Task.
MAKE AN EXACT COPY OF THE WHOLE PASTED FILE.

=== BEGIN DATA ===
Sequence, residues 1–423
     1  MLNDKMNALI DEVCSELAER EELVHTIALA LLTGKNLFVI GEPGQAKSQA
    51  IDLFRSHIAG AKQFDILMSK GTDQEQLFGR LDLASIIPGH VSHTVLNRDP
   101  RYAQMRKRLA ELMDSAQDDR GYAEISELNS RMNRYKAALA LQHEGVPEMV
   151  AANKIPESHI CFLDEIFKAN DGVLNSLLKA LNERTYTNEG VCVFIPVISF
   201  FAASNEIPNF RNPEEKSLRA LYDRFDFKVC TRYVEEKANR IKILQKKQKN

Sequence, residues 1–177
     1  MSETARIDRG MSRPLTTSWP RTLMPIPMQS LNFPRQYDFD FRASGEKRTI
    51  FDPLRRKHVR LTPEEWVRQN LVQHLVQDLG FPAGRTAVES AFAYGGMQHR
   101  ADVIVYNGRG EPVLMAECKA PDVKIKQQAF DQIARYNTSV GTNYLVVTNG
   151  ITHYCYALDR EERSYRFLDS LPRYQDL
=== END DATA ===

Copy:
Sequence, residues 1–423
     1  MLNDKMNALI DEVCSELAER EELVHTIALA LLTGKNLFVI GEPGQAKSQA
    51  IDLFRSHIAG AKQFDILMSK GTDQEQLFGR LDLASIIPGH VSHTVLNRDP
   101  RYAQMRKRLA ELMDSAQDDR GYAEISELNS RMNRYKAALA LQHEGVPEMV
   151  AANKIPESHI CFLDEIFKAN DGVLNSLLKA LNERTYTNEG VCVFIPVISF
   201  FAASNEIPNF RNPEEKSLRA LYDRFDFKVC TRYVEEKANR IKILQKKQKN

Sequence, residues 1–177
     1  MSETARIDRG MSRPLTTSWP RTLMPIPMQS LNFPRQYDFD FRASGEKRTI
    51  FDPLRRKHVR LTPEEWVRQN LVQHLVQDLG FPAGRTAVES AFAYGGMQHR
   101  ADVIVYNGRG EPVLMAECKA PDVKIKQQAF DQIARYNTSV GTNYLVVTNG
   151  ITHYCYALDR EERSYRFLDS LPRYQDL